-fexceptions introduces ABI incompatibility of sorts (was: RE: Re[2]: [Gc] On cancellation, GC_thread_exit_proc is never called)

Ian Lance Taylor iant at google.com
Tue Apr 13 17:07:15 PDT 2010

"Boehm, Hans" <hans.boehm at hp.com> writes:

> 1) Is it intended that inconsistent use of -fexceptions can cause
> pthread cleanup handlers to be skipped (since exception based
> cleanup is not invoked if thread exit is triggered from a context
> without exceptions), thus usually breaking code relying on
> pthread_cleanup handlers?

I don't know if I would use the word "intended," but I think this is
an expected and unavoidable consequence.

> 2) If so, would it be appropriate to document that behavior?  In
> particular, several other options in the gcc manual currently
> indicate that they introduce binary compatibility issues, while this
> one does not.  This does seem to be basically a binary
> incompatibility issue.

Well, properly speaking, I don't think there is any binary
incompatibility in what gcc generates.  Code compiled with and without
-fexceptions can interoperate perfectly well.  I can see that the way
in which glibc uses _EXCEPTIONS to decide how to handle pthread
cleanups introduces an incompatibility, but I think that is more an
issue of how the compiler is being used.

Of course more documentation is normally good, but in this case what
would the new documention say?  It seems that it would amount to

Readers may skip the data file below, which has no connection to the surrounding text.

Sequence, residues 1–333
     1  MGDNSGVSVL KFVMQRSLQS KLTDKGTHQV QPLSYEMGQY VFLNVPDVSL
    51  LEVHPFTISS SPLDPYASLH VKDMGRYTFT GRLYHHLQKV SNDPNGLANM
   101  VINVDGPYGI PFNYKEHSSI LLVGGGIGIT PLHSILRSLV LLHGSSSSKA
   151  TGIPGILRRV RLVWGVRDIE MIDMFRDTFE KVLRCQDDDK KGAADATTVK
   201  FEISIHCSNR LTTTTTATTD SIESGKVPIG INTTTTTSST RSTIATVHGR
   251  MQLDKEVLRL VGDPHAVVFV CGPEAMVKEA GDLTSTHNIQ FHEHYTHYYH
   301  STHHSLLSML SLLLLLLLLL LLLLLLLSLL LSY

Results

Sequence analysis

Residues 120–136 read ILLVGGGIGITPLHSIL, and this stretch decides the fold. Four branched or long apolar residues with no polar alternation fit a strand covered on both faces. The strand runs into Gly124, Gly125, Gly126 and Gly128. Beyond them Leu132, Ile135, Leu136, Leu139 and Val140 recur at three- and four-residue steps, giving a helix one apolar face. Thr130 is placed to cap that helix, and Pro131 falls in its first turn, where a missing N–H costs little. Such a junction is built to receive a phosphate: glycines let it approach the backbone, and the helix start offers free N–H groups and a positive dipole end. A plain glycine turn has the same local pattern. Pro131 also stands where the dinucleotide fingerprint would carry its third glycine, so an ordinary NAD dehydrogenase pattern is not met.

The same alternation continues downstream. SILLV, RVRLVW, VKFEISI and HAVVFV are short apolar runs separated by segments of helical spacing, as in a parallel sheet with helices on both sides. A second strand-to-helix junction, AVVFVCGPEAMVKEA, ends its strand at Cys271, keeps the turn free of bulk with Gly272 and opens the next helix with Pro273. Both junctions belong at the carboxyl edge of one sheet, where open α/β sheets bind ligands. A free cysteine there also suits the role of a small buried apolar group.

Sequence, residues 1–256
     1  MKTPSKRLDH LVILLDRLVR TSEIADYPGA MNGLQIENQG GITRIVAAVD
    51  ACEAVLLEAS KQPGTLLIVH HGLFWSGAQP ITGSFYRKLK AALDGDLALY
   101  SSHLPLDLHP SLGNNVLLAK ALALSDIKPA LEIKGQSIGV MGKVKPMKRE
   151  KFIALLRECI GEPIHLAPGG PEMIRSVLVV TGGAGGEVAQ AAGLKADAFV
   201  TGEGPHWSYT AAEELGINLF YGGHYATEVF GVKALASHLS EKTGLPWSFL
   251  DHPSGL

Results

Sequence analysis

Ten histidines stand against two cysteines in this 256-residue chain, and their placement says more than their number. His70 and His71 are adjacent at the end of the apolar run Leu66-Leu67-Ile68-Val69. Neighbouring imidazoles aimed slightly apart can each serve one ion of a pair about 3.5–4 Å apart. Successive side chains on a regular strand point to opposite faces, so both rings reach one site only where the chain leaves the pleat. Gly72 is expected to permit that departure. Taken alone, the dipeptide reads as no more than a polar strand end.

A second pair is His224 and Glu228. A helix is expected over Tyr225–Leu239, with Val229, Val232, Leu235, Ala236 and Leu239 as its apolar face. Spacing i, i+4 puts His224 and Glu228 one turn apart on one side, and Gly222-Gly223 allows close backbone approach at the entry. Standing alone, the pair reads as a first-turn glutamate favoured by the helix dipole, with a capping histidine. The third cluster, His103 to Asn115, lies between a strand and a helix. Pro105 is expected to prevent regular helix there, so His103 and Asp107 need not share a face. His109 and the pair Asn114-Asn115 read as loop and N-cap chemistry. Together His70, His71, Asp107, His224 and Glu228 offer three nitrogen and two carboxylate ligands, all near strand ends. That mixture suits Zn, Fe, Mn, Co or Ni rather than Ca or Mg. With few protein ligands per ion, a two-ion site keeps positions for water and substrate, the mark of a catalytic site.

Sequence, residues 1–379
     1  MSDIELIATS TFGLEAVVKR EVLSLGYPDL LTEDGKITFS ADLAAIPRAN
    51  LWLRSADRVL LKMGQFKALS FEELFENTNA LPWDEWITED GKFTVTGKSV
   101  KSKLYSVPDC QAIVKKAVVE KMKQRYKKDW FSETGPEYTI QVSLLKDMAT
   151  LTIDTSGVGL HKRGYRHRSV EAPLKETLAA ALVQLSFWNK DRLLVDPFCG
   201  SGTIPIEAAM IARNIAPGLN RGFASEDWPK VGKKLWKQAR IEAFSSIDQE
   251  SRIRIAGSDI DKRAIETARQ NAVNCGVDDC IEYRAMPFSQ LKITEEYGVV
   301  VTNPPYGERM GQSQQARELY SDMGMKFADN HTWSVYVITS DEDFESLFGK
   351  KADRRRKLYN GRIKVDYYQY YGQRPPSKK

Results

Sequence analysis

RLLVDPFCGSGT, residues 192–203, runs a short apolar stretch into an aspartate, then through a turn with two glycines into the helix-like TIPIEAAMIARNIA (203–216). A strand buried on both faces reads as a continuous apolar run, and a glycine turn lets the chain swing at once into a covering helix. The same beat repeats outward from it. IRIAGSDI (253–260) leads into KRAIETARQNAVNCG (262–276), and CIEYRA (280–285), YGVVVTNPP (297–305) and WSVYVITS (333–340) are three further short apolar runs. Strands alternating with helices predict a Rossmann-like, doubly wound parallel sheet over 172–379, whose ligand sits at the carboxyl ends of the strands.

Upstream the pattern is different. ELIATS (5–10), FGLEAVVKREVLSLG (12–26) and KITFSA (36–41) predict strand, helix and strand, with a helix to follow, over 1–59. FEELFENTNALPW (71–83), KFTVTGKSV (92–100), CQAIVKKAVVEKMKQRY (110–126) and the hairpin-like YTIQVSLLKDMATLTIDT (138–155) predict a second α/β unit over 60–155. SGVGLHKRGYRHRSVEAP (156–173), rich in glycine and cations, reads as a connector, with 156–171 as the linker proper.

something like "If you compile code without exception support, then
any exception handlers in that code will not be run."  It seems almost

I'm not trying to pick nits here.  glibc has chosen to implement a
cleanup mechanism which assumes that the code is compiled entirely
with or entirely without exception support.  That's a choice made by
the glibc maintainers, and any restrictions that imposes are part of
glibc, not gcc.  gcc is, of course, used with libraries other than
glibc, which may or may not have similar problems.  I think gcc is
making a reasonable choice in permitting exceptions to be enabled or
disabled as the user prefers.

> 3) If not, any chance of fixing this somehow?

I don't really see how.  Do you have any suggestions?

> 4) Is the use of the __EXCEPTIONS macro in the library considered a
> stable part of the library interface?  Is it reasonable to work
> around this problem by explicitly undefining it in user code?

gcc will reliably define _EXCEPTIONS as 1 when exceptions are
supported, and will reliably not define _EXCEPTIONS when exceptions
are not supported.  I can't speak to the library interface.


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